Glee was known for its groundbreaking portrayal of gay relationships, including Kurt and Blaine (a.k.a. “Klaine”) and Brittany and Santana (or “Brittana”). At first, producers meant for Brittany and Santana to be simply best friends, but the show’s fans wanted them to get together, and they weren’t quiet about it. “We sort of took it lightly at first,” Rivera told Vanity Fair in 2011. “But then we thought it was something people really wanted us to do, that it was something we should tackle.” Brittany and Santana dated—secretly, at first, as Santana struggled with being a lesbian and coming out to her family—broke up, got back together, and, eventually, married.

Rivera’s portrayal of Santana was lauded, and the character herself was a breakthrough: As Jarrett Barrios, then-president of GLAAD, noted in 2011, her story was “one that hasn’t been told on a prime-time network television show at that level, particularly by an LGBT teen of color.” (Sadly, Rivera died of an accidental drowning in July 2020.)

The choreography sometimes included inside jokes.

Many of the actors on Glee weren’t trained dancers. “I have been given a most unique job of turning a Bad News Bears-esque group of dance skill into a unit,” choreographer Zach Woodless told Entertainment Weekly in 2011. “Having actors that have become so comfortable moving and embracing their own skill set and style is rewarding.” One of his favorite things to do, he said, was to incorporate “inside dance jokes” into the show’s official choreography. “There are numbers that have ‘moves’ borrowed from the cast and crew’s off-screen jams,” Woodlee said. “Valerie,” for example, incorporated dance moves from both the show’s Steadicam operator and its director of photography.

The cast didn’t have much time to record songs or learn choreography.

When Glee first started, its stars, music producers, and choreographers were able to take their time recording songs and learning dances. That changed as the show got more and more popular. “We used to spend a whole day on one song. Now we have 30 minutes,” Anders told The Hollywood Reporter in 2011, noting that he and his team were working on as many as 10 songs at a time, literally around the clock (when he went to bed, his partner in Sweden would pick up where he had left off). “We finished a song in a day once, ‘The Living Years,’ but I don't ever want to do that again,” Anders said. “That was awful.” That same year, assistant choreographer Brooke Lipton told Us Weekly that “we're learning numbers in an hour, and they’re performing, because time is so limited with the show rolling along.”

The show attracted some A-list guest stars.

The number of A-list stars who appeared on Glee is huge, so you’d be forgiven if you’ve forgotten about some of them. Wicked star Kristen Chenoweth played a drunken classmate of Mr. Schuester’s, while Wicked’s other star, Idina Menzel, played a rival glee club coach. (So did rapper Eve.) Gwyneth Paltrow appeared on several episodes as a substitute teacher. Gloria Estefan was Santana’s mom; Ken Jeong and Jennifer Coolidge were Brittany’s parents; Jeff Goldblum and Bryan Stokes Mitchell played Rachel’s dads. Pop stars like Ricky Martin, Demi Lovato, and Adam Lambert popped in. Britney Spears and Lindsay Lohan made cameos. Patti Lupone played herself.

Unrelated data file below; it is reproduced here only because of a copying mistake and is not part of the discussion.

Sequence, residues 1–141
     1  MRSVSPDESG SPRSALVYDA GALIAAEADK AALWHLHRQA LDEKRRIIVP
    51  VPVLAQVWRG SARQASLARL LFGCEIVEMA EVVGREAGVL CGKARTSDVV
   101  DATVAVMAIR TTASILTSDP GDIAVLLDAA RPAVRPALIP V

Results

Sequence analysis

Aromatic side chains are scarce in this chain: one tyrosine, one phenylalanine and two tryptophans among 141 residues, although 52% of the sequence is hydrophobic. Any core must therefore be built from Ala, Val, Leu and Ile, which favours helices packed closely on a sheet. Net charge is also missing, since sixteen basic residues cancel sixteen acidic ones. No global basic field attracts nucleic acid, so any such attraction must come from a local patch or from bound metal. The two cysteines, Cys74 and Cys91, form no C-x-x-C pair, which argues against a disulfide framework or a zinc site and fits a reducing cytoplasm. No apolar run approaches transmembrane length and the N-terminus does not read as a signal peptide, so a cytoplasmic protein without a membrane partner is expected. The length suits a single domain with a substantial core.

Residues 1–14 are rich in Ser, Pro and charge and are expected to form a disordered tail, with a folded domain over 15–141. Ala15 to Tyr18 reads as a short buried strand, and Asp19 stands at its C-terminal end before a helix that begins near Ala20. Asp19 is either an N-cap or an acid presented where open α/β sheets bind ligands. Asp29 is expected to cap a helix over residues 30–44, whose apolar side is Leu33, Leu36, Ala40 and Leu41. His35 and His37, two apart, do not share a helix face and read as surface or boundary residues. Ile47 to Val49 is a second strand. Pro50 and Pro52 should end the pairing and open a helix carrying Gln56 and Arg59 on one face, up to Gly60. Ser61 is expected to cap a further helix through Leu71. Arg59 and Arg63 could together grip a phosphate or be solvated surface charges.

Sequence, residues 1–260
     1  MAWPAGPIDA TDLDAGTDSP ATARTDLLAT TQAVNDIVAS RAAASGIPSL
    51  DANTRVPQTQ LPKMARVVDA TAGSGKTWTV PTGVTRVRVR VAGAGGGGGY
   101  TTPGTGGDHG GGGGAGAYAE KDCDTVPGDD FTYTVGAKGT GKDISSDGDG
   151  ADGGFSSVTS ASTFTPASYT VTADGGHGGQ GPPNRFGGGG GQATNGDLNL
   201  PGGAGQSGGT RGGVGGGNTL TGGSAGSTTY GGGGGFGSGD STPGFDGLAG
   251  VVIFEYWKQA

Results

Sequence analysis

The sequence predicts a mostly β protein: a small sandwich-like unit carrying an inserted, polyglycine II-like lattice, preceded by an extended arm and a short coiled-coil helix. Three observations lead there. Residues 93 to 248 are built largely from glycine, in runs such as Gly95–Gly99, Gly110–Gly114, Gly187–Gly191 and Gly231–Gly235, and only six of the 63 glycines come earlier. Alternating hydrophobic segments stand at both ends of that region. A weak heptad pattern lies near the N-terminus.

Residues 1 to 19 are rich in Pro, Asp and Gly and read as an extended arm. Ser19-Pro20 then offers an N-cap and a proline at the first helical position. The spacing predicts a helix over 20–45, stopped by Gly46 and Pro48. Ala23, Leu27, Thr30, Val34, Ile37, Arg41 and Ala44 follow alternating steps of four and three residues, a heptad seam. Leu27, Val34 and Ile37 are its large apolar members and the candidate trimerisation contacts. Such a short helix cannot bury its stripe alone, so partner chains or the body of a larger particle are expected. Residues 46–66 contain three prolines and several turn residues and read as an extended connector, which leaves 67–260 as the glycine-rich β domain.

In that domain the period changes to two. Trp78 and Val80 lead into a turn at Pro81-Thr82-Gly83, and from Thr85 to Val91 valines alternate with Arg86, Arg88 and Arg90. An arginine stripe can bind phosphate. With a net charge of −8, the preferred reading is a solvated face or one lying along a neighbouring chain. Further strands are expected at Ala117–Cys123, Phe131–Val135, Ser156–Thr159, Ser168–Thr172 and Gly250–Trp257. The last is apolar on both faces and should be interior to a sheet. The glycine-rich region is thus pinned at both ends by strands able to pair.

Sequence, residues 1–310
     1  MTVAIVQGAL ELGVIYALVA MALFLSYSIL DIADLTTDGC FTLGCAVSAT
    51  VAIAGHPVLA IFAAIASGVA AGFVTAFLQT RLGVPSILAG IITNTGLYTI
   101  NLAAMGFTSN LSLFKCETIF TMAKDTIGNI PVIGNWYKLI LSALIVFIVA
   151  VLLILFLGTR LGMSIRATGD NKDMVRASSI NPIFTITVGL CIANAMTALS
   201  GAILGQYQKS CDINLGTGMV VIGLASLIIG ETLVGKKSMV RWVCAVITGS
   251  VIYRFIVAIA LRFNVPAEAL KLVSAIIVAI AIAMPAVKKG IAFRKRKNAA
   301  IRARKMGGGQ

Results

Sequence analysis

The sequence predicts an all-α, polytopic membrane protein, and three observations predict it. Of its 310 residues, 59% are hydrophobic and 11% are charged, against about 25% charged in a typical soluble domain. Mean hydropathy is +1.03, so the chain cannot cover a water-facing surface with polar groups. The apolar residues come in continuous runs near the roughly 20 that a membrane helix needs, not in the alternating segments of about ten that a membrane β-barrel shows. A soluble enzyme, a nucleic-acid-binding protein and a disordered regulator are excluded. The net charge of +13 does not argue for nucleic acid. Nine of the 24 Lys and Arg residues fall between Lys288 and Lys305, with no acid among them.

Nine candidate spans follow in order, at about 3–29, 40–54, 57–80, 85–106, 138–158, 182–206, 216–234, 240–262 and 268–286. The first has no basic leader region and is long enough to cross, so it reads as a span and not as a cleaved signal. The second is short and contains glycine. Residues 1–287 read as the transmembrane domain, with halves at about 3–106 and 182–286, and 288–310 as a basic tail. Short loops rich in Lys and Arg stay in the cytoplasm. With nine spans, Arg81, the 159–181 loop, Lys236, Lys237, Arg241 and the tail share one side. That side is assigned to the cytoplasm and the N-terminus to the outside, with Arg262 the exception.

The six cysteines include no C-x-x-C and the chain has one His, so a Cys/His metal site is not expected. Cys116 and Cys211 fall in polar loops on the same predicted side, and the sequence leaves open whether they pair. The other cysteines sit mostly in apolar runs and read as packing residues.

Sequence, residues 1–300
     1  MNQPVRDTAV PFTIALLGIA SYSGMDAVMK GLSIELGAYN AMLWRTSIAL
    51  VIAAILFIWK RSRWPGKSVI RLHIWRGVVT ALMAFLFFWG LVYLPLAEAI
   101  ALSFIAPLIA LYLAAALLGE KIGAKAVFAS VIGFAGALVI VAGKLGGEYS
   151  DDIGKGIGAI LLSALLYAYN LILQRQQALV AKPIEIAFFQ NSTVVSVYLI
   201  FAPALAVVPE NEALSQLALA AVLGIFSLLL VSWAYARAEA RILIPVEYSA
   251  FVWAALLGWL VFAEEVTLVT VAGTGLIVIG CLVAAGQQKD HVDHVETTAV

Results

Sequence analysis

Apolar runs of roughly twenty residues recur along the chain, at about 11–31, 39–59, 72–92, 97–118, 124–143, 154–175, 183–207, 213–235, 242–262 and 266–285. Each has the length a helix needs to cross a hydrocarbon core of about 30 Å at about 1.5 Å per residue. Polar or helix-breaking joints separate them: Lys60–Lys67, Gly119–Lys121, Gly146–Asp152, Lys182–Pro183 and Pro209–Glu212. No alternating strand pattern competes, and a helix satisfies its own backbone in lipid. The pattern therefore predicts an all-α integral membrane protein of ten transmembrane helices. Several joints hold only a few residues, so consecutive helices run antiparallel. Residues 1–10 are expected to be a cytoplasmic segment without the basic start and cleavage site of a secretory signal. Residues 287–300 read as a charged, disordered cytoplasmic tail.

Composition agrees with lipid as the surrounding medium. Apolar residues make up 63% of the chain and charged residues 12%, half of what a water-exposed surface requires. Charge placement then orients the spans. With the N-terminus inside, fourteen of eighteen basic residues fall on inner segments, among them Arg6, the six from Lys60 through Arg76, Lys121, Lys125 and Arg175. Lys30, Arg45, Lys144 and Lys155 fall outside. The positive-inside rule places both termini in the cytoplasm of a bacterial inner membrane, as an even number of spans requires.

There were some stars who were in talks to appear, but didn’t, including Anne Hathaway, Javier Bardem, and Jennifer Lopez.

There was a Glee reality show spin-off …

It wasn’t long before Glee’s success spawned The Glee Project, in which talented fans vied for a spot on the show. Grammy Award-winning singer Lizzo auditioned, but didn’t make the cut. The Glee Project ran for two seasons.

… But another planned spin-off didn’t go forward.

There were plans for another spin-off, this one scripted, that featured McKinley High graduates Rachel, Kurt, and Finn attending Juilliard. According to Murphy, he spoke with the actors about leaving Glee for a spin-off long before the news broke that Season 3 would be their last—but when he made the announcement the characters would be graduating, word spread that the actors said they had found out they’d been fired from Glee on Twitter. “I think that some of those actors’ representatives spun it in a certain way, to be quite honest, I don’t understand,” Murphy told Deadline. Fox hit pause on the spin-off, which was shelved permanently. Colfer, Michele, and Monteith all stayed on Glee.

Some of the cast did more than just act in the show.

Morrison made his directorial debut on the show’s 2011 Christmas episode. Colfer wrote the Season 5 episode “Old Dog, New Tricks.” And Darren Criss, who played Blaine Anderson, wrote the series finale song “This Time” for Michele to sing.

After Glee ended, one of the actors took a couch home from the set.

Glee ended its run in 2015 after 121 episodes, and each of the actors took home souvenirs of their time on the show. Many went for clothes: Lynch nabbed a few of Sue’s tracksuits that she intended to auction off for charity, while Riley took the shoes she wore during “Don’t Stop Believin’.” Criss snagged pieces of the choir room’s soundproofing tiles, as well as the green couch from the McKinley High principal’s office. “I've been waiting forever to take [that] couch,” he told The Hollywood Reporter. “It’s this beautiful green leather couch that I took many naps on.” Michele’s keepsake was a framed jersey belonging to Finn, who died on the show after Monteith, Michele’s real-life boyfriend, passed away of an overdose of heroin and alcohol in 2013. “That was always very special to me,” she said of the jersey. “I'm glad that they allowed me to keep it.”

Glee broke a record held by Elvis.

The cast of Glee recorded more than 705 songs over six seasons, including a few originals. In 2011, the show broke a record previously held by Elvis: Most Singles on the Billboard Hot 100 Chart. At that point, the cast had 113 singles on the chart to The King’s then-108; ultimately, 207 Glee songs reached the Billboard Hot 100 chart.

The most-covered artist on Glee was The Beatles.

The title of most-covered artist goes to The Beatles; Glee covered a whopping 19 of the Fab Four’s songs. Coming in a close second is Madonna, with 18 songs (which doesn’t include a song that was recorded but only used in the background of an episode). Other oft-featured artists included Britney Spears, Lady Gaga, and, of course, Journey.